Ashley Giles was "bitterly disappointed" to be overlooked for the England head coach's job.

Peter Moores was chosen as the man to lead the team, even though Giles had appeared to be a front-runner for the role having been the national coach in limited-overs cricket since November 2012.

However, a poor showing in Australia followed by a disastrous defeat to Holland at the World Twenty20 last month saw Giles fall out of favour.

The 41-year-old revealed he had fancied his chances ahead of the interview process.

"I was confident (of getting the job)," he told Sky Sports.

"I went into the interview and thought I had as equal a chance as anyone else, if not a better chance having been close to the team and known what the systems are and, at the same time, not really had full control.

"I can't go into too much detail about that process, but I'm bitterly disappointed I didn't get the job.

"At no time or stage does that mean I wish anyone in that side any ill going forward. We all want England to do well."

Giles does not believe that former Lancashire head coach Moores will bring anything radically different to the table to what he would have himself.

He added: " I don't think there was much difference in terms of vision (between the candidates). We all want England to play with a certain pride and passion, you want them to be very professional.

"Cricket is a game of skill and your skills have to be better than the opposition. You can play with as much passion and as much Englishness as you want but ultimately you've got to be better than the opposition.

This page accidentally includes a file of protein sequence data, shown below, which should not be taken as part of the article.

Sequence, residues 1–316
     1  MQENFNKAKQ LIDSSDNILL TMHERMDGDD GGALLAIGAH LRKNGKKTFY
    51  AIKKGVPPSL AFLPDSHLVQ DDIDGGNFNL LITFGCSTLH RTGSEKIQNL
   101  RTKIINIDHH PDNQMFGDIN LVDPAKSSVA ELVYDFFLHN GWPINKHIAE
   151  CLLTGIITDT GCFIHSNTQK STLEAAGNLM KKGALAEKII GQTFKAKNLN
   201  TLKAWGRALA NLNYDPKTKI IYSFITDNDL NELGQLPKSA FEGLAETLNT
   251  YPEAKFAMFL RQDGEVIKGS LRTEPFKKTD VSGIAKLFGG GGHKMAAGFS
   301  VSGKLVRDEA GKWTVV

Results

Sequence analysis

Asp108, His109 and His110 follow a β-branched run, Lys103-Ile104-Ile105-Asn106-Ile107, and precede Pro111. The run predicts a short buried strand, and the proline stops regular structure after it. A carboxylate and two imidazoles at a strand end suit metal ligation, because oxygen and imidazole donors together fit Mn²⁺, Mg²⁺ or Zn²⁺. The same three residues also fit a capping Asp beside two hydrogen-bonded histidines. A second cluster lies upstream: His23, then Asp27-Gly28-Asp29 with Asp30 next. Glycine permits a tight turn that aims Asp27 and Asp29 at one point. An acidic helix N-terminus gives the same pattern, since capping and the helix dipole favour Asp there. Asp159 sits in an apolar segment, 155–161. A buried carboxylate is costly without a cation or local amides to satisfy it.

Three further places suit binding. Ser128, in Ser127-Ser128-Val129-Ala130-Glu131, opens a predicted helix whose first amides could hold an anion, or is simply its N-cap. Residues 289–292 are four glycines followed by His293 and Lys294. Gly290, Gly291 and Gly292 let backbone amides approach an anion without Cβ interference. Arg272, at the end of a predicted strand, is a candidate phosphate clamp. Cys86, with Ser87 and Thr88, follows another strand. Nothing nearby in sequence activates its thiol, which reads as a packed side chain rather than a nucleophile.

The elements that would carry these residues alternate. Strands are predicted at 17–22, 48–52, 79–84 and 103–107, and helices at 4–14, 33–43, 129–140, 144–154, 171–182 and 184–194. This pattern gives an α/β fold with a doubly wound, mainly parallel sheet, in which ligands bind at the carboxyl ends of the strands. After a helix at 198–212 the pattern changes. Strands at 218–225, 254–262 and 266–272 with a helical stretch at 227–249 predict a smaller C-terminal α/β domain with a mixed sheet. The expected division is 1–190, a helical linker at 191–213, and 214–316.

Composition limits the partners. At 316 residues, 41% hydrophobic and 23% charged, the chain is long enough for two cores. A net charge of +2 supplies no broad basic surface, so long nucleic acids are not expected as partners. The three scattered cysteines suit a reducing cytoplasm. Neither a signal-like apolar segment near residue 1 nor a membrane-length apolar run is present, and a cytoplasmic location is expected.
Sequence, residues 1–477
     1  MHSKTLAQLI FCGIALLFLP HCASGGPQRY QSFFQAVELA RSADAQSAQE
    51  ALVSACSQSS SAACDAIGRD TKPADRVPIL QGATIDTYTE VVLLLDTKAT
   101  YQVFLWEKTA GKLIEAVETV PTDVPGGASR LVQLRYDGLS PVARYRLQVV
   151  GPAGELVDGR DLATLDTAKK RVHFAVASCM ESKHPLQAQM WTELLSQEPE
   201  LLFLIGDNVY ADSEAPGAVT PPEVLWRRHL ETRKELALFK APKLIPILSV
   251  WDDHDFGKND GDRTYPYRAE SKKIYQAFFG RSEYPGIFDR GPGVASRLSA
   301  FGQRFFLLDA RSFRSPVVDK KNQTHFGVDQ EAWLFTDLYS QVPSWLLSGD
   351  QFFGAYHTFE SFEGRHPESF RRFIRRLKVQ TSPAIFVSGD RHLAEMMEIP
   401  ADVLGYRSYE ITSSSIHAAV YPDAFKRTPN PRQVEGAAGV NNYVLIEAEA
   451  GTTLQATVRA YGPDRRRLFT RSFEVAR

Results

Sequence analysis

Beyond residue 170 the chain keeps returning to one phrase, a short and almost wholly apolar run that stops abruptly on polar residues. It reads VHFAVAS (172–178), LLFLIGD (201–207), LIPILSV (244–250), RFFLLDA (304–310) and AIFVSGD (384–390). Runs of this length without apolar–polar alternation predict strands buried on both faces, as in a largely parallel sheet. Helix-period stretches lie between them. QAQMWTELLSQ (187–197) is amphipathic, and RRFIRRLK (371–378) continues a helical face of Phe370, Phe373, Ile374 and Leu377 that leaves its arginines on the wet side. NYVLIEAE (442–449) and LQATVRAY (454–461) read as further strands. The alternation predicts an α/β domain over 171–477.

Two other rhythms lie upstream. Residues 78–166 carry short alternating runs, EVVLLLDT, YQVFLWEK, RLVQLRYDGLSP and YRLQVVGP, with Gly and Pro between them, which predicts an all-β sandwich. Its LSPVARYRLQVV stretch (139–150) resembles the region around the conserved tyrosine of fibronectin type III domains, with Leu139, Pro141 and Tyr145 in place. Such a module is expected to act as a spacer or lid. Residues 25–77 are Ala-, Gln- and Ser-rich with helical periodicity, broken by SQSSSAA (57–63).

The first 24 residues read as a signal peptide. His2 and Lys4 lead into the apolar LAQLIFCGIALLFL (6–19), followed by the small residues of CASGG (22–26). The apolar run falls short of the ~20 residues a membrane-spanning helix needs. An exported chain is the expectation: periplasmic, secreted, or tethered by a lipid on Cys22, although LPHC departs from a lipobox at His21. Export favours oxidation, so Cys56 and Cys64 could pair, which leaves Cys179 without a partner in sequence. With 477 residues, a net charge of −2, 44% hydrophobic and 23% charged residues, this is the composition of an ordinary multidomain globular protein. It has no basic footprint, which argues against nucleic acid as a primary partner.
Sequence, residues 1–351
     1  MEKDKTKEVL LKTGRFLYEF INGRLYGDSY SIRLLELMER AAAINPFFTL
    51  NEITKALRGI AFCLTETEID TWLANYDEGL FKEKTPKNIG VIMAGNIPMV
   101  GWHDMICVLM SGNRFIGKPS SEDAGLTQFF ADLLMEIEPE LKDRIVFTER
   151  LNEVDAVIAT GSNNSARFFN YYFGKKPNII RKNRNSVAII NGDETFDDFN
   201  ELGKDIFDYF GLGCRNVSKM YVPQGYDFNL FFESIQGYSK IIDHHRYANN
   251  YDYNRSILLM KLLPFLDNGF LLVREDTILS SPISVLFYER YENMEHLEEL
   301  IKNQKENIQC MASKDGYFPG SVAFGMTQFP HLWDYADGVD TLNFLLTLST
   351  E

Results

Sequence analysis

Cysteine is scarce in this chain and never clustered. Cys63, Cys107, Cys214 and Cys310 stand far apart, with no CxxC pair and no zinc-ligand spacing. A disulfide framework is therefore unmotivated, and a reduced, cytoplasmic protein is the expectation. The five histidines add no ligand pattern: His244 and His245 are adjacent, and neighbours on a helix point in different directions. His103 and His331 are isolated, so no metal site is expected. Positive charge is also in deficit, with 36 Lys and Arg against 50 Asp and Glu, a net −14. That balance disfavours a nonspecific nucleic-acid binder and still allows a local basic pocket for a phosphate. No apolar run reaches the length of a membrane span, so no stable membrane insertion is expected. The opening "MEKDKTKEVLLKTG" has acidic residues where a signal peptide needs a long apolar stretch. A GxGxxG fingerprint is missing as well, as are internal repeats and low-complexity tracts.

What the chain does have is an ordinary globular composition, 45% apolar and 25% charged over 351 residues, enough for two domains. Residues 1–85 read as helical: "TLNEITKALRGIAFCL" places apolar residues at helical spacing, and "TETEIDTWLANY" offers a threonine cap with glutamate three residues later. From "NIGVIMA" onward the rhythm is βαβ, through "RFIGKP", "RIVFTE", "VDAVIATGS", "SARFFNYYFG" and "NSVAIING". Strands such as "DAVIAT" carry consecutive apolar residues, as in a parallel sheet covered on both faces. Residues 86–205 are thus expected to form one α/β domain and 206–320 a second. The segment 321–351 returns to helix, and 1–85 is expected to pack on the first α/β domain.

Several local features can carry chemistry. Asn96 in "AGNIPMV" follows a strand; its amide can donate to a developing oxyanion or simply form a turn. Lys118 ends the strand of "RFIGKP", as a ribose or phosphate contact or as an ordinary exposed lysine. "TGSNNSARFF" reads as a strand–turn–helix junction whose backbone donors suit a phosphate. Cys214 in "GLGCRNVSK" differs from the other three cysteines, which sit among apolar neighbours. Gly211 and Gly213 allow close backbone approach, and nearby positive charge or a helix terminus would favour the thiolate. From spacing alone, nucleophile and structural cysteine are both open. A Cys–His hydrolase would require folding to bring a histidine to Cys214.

"You've got to score more runs and take more wickets and that is planning in the nets, planning against opposition, that's making yourself as good as you possibly can. It's all quite simple things in the big picture. Ultimately it's about England doing well."

Giles conceded England's performance against Holland in the T20 World Cup - which is believed to have ultimately convinced the ECB to look elsewhere for their new head coach - was "meek and timid" but feels the team's showing in Bangladesh was better than they have been given credit for.

After opening with a controversial defeat to New Zealand, where the game was called off due to a thunderstorm and torrential rain just after the Black Caps had moved ahead on Duckworth-Lewis, England beat reigning champions and eventual winners Sri Lanka after successfully chasing 190 to win.

They then fell an agonising three runs short of overhauling South Africa's 196, which eliminated them from the competition, before the embarrassing 45-run defeat to Holland, when Giles' side were bowled out for just 88.

"It was a really meek and timid performance (but) the messages (to the team) were very clear," said Giles.

"I think I've taken a bit of stick for saying we did everything we normally did, we warmed-up well and were ready to go. It's not just about warming up but it's about performing.

"It was disappointing as at times in the World Cup we actually put in some really good performances. We were the only side to beat the world champions, South Africa probably scored a few too many but we almost chased that 190 down and New Zealand, barring the lightning and that crazy couple of overs before it, it could have been a different picture.

"Unfortunately, again, not for a moment can you take your eye off the game as it will come back and bite you."

Giles would not be pressed on the matter of Kevin Pietersen's departure from the England set-up, citing it was " one of those things I can't really talk about."